There comes a point in a new position where everything begins to feel routine. Where the schedule is pretty locked in, the tasks rote, and the days start to blend together. I always worry when this happens, because as the weeks whirl into months, I feel my life passes before my eyes at an almost numbing speed. I become complacent.
Writing is the only thing that seems to help keep the flying of time in check, because it is a measurable use of time. Most of my tasks disappear, as it were, by the next week. As a therapist, I see the same people over and over again, marking their progress with notes written weekly and treatment plans written every three months. But the progress in therapy is sometimes is small, and hard to see from week to week, like tracking the growth of a child. You know they are growing, but it takes a while to actually see it.
At the breakneck speed of a mental health clinic where I see clients one right after another, with one short break midway through a stretch of 9 clients in a row, it’s hard to spend a lot of time processing each session to look for those moments of growth or change. Each week picks up on the topics of the previous, so it feels sometimes like I am binging other people’s lives.
And it sometimes feels like in doing so I am neglecting my own. Again, writing is one of the few things that keeps me grounded in my own goals and dreams, and helps me see my own growth. I can see the pages that mark the passing of time, see the drafts build, one on another, and when I hit that final draft, have an actual product to give people that is a physical manifestation of “how I used my time.”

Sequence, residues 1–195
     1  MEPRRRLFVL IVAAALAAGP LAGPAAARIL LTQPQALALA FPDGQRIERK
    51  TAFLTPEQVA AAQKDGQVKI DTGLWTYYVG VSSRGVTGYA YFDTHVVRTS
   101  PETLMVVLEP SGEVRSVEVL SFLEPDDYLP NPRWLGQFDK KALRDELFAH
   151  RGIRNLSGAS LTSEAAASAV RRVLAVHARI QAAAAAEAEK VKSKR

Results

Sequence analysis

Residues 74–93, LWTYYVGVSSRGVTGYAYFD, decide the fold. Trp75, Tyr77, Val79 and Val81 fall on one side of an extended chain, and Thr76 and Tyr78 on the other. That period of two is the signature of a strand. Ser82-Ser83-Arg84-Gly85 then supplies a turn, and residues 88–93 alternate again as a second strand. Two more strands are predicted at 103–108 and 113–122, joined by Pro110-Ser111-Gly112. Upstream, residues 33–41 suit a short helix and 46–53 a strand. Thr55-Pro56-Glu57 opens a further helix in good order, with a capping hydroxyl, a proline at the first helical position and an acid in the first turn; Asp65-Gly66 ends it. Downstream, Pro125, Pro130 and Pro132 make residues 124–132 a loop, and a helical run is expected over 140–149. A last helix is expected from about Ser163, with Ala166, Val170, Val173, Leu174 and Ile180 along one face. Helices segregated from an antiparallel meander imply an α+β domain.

However, I struggle to make time for writing. It often comes after — after work, after chores, after general life maintenance. It’s been hard to put writing first. When I look back over a stretch of time and see how few pages I have to show for that period of time, I know my priorities have drifted away from me, and that my routine has taken over.
You’d think that the natural thing to do is to make writing part of that routine, and that has always been my goal. But with so little time, and so many other things going on, it continues to be very hard to make the kind of dedicated writing time I want. I end up getting snatches of time here and there, which never seem to let me get to the place I want to get to, where the words just flow and the story takes over. That is what I miss, more than anything, when I say I miss writing. I miss being a conduit instead of a work horse. I miss feeling inspired instead of feeling obligated. I miss getting quality time with my own imaginary adventures.
So, now that I see that my time management has gotten away from me, it’s time to make adjustments and put writing back up on the priority list. I know doing that though means that some other things may start to slide. There simply just isn’t enough time for everything. I have to use the time I have better.